The Observatori Astronòmic de Mallorca (OAM) appears to have more scientific fame than visitors. Even though, the relatively young observatory is considered a pioneer amongst Spanish observatories. This year, the institution is busy celebrating its 20th anniversary. The astronomic centre was built thanks to some stubborn insistence of a certain Maria Antònia Munar, whether one actually likes her or not, and opened to grand fanfare in 1991.
Ever since, the Mallorca observatory has been making observations of astronomical, meteorological and other natural phenomena, sometimes to great success, using a total of 11 robotic telescopes to discover and track stars, comets, novas, supernovas and asteroids. OAM is also the seat of the Spanish delegation of Spaceguard.
A state-of-the-art planetarium was opened at the observatory’s premises in 2003, affording a dome of 11 m diameter with a projection area of 200 m², where courses are offered and the opportunity is given to watch the sky and learn about the stars and planets. Beware the opening hours though which may be intermittent, certainly during the winter months. When I went there recently, the observatori and the planetarium were both closed and no opening hours were being displayed. Instead, a note urged callers to concert a visit under telephone 650.386.881. Concert then if you will.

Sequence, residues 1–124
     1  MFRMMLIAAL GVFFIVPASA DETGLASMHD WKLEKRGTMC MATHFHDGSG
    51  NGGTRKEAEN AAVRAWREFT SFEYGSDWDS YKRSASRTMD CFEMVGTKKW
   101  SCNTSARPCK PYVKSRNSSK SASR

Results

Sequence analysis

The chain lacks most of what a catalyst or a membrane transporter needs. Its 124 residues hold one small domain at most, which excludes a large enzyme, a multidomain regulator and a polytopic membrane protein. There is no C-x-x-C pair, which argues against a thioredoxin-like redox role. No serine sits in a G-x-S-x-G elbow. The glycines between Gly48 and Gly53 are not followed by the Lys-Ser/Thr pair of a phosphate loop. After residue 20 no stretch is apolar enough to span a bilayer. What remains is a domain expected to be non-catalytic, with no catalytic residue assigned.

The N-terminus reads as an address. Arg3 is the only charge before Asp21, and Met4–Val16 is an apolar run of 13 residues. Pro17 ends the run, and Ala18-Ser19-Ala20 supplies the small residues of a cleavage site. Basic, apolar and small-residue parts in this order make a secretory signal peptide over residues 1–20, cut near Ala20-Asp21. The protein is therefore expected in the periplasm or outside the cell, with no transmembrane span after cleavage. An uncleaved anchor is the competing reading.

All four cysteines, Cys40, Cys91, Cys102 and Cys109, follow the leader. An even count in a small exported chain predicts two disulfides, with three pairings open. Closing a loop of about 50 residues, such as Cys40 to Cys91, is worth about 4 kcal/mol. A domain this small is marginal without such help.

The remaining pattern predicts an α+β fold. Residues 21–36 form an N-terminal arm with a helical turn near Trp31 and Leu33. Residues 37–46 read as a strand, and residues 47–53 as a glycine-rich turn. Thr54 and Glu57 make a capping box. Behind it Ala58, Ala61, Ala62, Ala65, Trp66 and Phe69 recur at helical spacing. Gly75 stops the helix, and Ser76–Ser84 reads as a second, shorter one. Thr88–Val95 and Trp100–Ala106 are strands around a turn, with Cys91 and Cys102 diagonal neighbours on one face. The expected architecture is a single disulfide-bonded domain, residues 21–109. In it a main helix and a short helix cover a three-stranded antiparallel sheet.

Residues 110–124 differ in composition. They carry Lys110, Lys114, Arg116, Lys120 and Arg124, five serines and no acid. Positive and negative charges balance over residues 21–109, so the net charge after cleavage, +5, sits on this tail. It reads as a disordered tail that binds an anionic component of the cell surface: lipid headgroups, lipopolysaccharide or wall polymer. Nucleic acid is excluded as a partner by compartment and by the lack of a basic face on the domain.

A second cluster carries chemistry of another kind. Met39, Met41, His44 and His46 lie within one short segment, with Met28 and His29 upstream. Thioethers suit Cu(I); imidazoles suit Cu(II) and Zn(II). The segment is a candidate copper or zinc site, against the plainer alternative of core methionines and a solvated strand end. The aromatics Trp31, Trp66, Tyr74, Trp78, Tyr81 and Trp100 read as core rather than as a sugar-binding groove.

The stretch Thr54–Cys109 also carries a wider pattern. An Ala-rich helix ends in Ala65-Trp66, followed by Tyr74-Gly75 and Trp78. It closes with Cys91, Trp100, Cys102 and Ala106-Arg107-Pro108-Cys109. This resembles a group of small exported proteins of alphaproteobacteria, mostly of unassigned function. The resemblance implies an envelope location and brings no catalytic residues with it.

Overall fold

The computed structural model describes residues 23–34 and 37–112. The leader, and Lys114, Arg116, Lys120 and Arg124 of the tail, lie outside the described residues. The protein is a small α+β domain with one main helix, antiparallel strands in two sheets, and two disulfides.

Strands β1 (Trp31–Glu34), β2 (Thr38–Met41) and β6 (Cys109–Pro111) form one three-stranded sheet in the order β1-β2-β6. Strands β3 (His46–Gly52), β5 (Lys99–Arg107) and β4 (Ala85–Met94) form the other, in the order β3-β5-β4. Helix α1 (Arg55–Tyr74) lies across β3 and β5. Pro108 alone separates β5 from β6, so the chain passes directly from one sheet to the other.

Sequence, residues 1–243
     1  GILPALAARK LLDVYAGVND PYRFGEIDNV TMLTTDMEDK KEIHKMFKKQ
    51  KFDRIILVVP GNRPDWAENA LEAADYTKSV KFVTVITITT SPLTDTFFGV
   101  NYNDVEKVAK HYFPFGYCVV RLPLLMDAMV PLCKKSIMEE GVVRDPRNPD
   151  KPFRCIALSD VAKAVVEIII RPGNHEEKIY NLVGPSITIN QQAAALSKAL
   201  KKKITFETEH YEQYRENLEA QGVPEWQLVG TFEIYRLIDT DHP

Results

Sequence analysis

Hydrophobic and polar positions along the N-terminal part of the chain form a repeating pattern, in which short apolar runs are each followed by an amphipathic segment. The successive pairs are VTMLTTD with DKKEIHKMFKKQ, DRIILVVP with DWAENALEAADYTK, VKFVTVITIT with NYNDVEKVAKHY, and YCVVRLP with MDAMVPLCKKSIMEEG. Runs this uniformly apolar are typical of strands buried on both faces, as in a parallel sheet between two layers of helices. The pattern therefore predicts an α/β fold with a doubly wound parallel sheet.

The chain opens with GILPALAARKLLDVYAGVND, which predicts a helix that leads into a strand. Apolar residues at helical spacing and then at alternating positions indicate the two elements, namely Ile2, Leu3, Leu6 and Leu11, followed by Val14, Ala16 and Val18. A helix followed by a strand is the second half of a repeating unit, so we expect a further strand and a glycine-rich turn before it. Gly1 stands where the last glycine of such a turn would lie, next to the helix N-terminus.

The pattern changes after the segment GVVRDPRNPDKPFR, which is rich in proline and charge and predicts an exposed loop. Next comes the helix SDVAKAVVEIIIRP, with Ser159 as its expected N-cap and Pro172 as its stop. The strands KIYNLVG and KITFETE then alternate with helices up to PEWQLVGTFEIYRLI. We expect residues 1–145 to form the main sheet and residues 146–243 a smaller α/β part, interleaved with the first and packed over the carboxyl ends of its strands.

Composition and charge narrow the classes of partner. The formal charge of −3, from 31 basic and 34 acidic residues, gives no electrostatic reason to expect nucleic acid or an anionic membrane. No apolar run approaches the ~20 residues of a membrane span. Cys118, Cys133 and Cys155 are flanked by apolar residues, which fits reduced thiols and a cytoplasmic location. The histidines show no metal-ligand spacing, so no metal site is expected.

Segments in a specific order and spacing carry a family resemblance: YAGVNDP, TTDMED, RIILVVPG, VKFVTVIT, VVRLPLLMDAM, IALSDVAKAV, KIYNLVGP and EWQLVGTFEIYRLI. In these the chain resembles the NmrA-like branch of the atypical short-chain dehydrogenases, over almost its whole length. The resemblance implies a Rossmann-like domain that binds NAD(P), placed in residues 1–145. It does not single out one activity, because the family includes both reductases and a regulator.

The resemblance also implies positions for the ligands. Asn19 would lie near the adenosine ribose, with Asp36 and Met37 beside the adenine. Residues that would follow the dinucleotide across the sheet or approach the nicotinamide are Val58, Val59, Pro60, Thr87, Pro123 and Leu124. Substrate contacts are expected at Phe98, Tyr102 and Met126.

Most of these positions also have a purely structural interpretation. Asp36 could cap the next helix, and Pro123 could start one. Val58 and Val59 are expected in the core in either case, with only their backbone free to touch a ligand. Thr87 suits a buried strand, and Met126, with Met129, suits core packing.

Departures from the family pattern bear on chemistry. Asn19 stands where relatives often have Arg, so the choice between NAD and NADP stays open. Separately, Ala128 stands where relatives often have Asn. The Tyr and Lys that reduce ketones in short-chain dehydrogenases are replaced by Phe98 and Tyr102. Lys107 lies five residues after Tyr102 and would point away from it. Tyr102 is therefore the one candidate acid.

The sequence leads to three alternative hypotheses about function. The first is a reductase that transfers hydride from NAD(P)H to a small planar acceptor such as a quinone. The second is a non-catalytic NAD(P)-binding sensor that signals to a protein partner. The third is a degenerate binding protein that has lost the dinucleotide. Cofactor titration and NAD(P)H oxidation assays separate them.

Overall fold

The photos (top and bottom) were taken near Costitx, Mallorca, Baleares, Spain. The date: February 19th, 2011. The time was 15:28:48 and 15:24:53, respectively. The image (centre) was borrowed from the Internet, courtesy of OAM‘s website.